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Large Diameter Riata Leads Most Pone to Erosion

Jul 18, 2012 | Parker Waichman LLP

Medical device maker St. Jude Medical Inc. says a new study finds that most the reported Riata defibrillator lead erosion incidents were among its larger-diameter wires.

The Riata and Riata ST leads were recalled last year after they were associated with a high rate of failure caused by the conductive ends of the leads that connected an implanted cardiac defibrillator to the heart. The protective housing on the conductive ends was made of an inferior material and the lead ends were prone to break out of that protection and cause serious injuries or death to patients relying on them to provide shocks to keep a heart beating or to regulate the heart’s rhythm.

The Food and Drug Administration issued a Class I recall on St. Jude Riata and Riata ST leads in December 2011. They’ve been linked to more than 20 unexpected and preventable deaths due to the conductive ends breaking free from the silicone housing.

While St. Jude has taken some odd steps in reacting to research that highlights the dangers of these leads, new research from the company suggests it may be at least somewhat interested in providing information on those people who still face a risk using the Riata model of leads.

According to a Reuters report this week, St. Jude released initial results of an international study finding that larger-diameter Riata leads were more likely to fail due to “inside-out erosion” than those of a smaller diameter. The study was conducted mostly in the U.S. and Canada, involving nearly 800 patients. A group of 50 patients from Japan were also included.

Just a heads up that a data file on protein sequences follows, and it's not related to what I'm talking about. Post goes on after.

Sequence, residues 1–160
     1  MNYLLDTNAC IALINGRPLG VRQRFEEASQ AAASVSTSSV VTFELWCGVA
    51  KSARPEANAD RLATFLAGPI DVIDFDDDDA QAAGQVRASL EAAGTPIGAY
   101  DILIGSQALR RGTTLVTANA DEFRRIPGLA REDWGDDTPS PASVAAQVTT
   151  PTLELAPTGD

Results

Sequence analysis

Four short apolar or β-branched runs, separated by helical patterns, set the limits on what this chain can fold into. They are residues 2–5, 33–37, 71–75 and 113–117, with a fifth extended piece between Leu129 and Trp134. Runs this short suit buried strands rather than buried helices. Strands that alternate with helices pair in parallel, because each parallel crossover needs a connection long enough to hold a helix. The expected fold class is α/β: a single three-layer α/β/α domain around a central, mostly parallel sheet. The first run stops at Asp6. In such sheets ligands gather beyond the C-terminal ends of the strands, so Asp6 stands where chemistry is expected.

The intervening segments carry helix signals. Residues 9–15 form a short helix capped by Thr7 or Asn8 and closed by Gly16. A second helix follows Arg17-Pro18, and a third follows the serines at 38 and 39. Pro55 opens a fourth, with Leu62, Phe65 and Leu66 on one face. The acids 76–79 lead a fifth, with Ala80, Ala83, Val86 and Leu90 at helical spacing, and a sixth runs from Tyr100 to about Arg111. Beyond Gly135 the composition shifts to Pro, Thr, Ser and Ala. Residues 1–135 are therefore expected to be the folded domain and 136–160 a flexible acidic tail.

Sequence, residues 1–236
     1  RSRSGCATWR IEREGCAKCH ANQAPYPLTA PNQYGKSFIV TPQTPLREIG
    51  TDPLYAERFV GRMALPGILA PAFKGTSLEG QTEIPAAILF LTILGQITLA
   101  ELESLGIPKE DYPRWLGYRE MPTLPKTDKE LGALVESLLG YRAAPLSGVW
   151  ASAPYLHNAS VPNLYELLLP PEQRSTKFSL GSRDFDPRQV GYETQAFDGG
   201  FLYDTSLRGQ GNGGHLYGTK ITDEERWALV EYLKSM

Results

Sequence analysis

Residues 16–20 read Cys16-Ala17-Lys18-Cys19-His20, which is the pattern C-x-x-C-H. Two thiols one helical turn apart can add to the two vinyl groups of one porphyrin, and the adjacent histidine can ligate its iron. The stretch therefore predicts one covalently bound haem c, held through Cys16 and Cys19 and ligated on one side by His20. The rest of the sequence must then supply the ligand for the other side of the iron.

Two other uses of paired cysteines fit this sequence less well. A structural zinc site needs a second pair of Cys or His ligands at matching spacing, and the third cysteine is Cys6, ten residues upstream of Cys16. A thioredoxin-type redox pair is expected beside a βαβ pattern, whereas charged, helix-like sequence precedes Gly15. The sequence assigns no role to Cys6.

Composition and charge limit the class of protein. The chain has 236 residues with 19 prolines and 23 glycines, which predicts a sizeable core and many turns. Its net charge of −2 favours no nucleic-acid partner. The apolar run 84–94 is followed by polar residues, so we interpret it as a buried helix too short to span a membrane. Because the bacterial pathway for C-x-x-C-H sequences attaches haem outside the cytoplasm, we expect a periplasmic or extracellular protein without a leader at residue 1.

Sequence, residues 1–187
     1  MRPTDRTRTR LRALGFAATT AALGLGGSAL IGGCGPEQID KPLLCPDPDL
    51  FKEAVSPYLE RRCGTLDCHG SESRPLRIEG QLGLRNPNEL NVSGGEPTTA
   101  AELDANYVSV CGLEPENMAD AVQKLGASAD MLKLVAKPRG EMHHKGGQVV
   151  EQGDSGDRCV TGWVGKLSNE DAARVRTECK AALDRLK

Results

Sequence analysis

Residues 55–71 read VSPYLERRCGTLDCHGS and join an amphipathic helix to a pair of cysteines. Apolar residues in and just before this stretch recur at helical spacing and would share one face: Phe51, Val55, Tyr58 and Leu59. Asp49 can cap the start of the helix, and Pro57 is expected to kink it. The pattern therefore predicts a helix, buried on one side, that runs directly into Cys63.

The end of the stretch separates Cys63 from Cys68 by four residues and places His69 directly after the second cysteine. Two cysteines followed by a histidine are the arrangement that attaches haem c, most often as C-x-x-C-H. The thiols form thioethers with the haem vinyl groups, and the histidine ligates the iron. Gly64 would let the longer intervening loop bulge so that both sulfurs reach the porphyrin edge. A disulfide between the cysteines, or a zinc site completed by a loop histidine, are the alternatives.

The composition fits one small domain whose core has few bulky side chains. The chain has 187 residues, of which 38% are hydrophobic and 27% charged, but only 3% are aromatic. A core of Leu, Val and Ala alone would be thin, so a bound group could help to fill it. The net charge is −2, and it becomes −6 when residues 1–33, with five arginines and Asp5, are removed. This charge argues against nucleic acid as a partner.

On average, 24 percent of the large diameter Riata 8F leads failed due to inside-out erosion of the connective ends. Just 9.3 percent of the smaller Riata ST7F leads had failed during the “Phase One” portion of the study. The company said it is now focusing on long term effects of the Riata model of leads. Its research will continue for the next two years.

When the Riata leads fail due to erosion, they can fail to deliver the necessary shocks or deliver an unnecessary shock. The exposed wires can also cause abrasion of the heart and nearby tissue and muscles or other internal injuries.

Tens of thousands of people who need an implanted cardiac defibrillator still rely on the Riata model leads. More than 227,000 leads were implanted worldwide.

Since the recall, many wonder if they are prone to these leads suffering the same malfunctions that have resulted in unexpected deaths to more than 20 patients. In that time, several studies have attempted to find those at the highest risk of suffering a failure from a Riata lead.

A previous study suggested that leads not replaced at the same time the defibrillator generator was replaced are also prone to malfunction.

The decision to replace the leads also poses risks. At least two patients have died during surgeries to replace the Riata leads so determining who is most at risk appears to be paramount.

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